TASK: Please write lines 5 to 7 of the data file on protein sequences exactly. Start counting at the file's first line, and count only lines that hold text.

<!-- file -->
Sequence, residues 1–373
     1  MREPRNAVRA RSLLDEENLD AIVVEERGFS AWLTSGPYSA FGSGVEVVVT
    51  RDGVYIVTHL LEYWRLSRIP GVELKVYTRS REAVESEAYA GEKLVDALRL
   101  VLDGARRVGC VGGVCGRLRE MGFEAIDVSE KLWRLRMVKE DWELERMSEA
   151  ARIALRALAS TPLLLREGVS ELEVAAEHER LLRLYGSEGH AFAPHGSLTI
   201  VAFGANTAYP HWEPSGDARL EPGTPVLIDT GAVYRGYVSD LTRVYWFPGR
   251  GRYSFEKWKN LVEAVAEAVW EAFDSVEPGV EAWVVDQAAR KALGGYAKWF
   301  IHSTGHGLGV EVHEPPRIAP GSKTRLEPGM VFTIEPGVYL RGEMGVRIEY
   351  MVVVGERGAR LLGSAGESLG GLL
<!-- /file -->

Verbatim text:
   151  ARIALRALAS TPLLLREGVS ELEVAAEHER LLRLYGSEGH AFAPHGSLTI
   201  VAFGANTAYP HWEPSGDARL EPGTPVLIDT GAVYRGYVSD LTRVYWFPGR
   251  GRYSFEKWKN LVEAVAEAVW EAFDSVEPGV EAWVVDQAAR KALGGYAKWF